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A number of years ago he was called from his breakfast to attend a woman in labor; upon arriving at the house he found the child already born; in a half hour he had completed his duties and left the mother and infant in good condition. He was paid the usual house fee by the father (one fact which is indelibly impressed on the doctor's mind) and was told he need not call again as arrangements had been made to have the physicians from the Lying-In Hospital take charge of the case; that they had already been sent for and were expected any minute. Under the circumstances the doctor felt that as he had not been present at the birth, and as the case was under the care of the staff of the Lying-In Hospital before and after the confinement that it would be the duty of the hospital to report the birth. He returned to his cold breakfast and proceeded to forget the case,

Seven years later a man called at the doctor's office and demanded a certificate of birth of his child; the doctor had no recollection of the man or his wife, or of having attended at the birth of the child, and after a diligent search of his books could find no record of having patients of that name. The man left dissatisfied and returning on several occasions each time demanded a certificate of his child's birth. Finally the doctor recalled the case of his interrupted breakfast many years before; he could not, however, identify the man or his wife.

He communicated with the Hospital of the Lying-In Society, a search of their books revealed the fact that they had had such a case. The doctor then advised the father to apply to the hospital for a birth certificate, which the hospital evidently refused to supply, and the father returned and roundly abused the doctor in the presence of an office full of patients. The doctor escorted the father to his front door, gently he assures us, the father stood outside and shouted a few unpleasant epithets to the doctor, much to the doctor's chagrin and the neighbors' enjoyment.

The doctor was next served with a subpoena to appear in the Municipal Court to show why he had failed to file a certificate of birth; he was ordered by the Justice to produce his books; he did so, but neither the father not his attorney could find any record of the birth. Three days later he was served with a summons and complaint in an action to recover $2.000 damage for the bodily injury the father sustained at the time the doctor escorted him to the front door, gently as he tells us.

It is very questionable if, under the law, the doctor in this case could be held responsible for not reporting the birth.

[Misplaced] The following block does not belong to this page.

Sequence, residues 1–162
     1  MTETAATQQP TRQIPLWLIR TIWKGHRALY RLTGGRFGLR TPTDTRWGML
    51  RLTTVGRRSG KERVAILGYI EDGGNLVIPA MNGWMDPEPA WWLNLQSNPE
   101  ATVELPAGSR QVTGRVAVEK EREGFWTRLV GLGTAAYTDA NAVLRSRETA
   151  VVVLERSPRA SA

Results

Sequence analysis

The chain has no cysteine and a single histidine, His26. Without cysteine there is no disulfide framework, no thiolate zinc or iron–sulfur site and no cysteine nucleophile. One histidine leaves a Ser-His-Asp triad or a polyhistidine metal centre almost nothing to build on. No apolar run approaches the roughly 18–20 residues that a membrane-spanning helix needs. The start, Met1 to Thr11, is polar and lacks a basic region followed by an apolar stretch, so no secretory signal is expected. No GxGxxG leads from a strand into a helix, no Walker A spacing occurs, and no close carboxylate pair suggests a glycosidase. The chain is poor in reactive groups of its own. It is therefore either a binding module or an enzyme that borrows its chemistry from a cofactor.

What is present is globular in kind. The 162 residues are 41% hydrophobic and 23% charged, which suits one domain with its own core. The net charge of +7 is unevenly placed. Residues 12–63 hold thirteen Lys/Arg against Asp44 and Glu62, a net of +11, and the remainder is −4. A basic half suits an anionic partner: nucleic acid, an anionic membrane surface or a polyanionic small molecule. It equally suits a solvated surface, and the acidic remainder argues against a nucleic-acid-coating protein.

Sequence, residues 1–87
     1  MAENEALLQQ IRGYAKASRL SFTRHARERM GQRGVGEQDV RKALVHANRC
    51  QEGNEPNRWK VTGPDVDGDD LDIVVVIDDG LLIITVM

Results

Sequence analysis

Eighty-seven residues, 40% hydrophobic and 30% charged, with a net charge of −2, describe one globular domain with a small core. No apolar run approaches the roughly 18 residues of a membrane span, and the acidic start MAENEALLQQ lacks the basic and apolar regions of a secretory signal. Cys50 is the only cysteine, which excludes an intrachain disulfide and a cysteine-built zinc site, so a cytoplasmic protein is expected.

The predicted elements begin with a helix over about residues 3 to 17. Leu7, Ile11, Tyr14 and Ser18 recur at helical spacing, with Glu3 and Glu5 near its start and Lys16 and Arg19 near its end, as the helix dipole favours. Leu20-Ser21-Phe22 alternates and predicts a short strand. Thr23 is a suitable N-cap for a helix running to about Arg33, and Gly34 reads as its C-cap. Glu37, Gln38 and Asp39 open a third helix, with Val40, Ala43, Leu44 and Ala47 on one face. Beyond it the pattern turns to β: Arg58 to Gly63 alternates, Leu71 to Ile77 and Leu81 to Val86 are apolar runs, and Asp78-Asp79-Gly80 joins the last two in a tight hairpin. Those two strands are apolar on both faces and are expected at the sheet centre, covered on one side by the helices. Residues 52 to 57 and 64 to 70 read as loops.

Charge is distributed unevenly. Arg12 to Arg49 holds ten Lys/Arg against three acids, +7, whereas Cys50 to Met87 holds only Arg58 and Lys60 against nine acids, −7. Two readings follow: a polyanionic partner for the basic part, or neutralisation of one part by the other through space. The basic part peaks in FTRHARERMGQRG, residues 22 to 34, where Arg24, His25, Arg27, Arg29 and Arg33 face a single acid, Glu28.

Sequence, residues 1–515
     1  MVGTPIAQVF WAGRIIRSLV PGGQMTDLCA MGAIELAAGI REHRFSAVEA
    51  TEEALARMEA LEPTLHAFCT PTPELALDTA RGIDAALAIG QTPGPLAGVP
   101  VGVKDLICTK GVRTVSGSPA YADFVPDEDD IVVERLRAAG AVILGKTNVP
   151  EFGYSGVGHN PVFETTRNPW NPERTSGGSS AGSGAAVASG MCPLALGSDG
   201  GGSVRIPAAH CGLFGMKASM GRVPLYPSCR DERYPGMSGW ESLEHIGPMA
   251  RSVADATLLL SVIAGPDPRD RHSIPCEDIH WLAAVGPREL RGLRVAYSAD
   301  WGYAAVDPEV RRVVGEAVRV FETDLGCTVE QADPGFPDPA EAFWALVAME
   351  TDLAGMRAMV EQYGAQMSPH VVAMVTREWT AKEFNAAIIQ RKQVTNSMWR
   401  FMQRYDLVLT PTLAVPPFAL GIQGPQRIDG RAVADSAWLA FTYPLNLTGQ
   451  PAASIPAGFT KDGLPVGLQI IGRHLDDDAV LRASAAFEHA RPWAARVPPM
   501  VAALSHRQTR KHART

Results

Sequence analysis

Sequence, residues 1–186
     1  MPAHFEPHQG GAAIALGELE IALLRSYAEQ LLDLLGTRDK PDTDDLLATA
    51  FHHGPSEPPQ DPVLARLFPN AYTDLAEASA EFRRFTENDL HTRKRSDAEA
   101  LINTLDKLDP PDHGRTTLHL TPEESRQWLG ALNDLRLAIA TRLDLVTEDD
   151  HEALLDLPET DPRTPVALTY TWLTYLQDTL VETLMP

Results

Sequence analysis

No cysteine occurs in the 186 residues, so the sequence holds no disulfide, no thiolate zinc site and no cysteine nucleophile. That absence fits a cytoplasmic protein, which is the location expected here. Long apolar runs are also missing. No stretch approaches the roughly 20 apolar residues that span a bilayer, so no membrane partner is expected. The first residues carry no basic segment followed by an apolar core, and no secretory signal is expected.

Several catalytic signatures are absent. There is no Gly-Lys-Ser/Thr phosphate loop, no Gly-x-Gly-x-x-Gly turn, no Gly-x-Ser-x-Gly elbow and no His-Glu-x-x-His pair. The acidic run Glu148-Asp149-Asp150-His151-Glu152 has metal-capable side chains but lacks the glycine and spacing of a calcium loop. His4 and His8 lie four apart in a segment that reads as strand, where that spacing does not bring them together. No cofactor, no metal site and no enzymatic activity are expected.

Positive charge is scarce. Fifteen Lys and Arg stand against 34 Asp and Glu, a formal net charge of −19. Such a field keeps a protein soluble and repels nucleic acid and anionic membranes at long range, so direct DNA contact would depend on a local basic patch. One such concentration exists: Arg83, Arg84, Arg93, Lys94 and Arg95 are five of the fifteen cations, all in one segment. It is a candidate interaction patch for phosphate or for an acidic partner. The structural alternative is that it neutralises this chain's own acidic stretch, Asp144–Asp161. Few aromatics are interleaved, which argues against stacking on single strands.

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DEATH RATE FOR WEEK ENDING DECEMBER 27, 1913. There were 1,357 deaths and a death rate of 13.18 per 1.000 of the population reported during the past week as against 1.403 deaths and a rate of 14.15 during the corresponding week in 1912, an absolute decrease of 46 deaths, equivalent to a relative decrease of 100 deaths, and a decrease in the rate of 97 of a point.

Those causes showing material decreases were scarlet fever, diphtheria, whooping cough, organic heart diseases, lobar pneumonia and violence; those causes showing increases were measles, broncho-pneumonia, pulmonary tuberculosis, other forms of tuberculosis, Bright's disease and nephritis.

Viewed from the standpoint of age grouping there was an increased mortality of infants under one year and a diminished mortality between one and five years of age and at sixty-five years and over.

The death rate for the first fifty-two weeks of the year was 13.75, as against a rate of 14.08 during the corresponding period of 1912, a decrease of .33 oí a point.

VITAL STATISTICS
Summary for Week Ending Saturday, 12 M., December 27, 1913.

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*Corrected according to borough of residence.

t. The presence of several large institutions, the great majority of whose inmates are non-residents of the city, increases considerably the death-rate of this Borough.

Deaths by Principal Causes, According to Locality and Age.

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Cases of Infectious and Contagious Diseases Reported.

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Week Ending,
Oct. Oct. Oct. Nov. Nov. Nov

Nov. Nov. Dec. Dec.' Dec. Dec
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15.
29. 6. 13

27.

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Tuberculosis.
Diphtheria and Croup.
Measles
Scarlet Fever..
Smallpox......
Chickenpox..
Typhoid Fever.
Whooping Cough.
Cerebro Spinal Meningitis..
Syphilis .
Gonorrhea
Chancroid

Total....

12

58

36 41

99
88
52

5
244
120

4

269
50
30

1
206

180 23 43

6 153

2031

165

4 1j6 50 IT

187 138 12

1 335 155 10

300 339 43

118

15

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1,349 1,254 1,199 1,686 1,236 1,490 1,744 1,356 1,628 1,949 1,757 1,391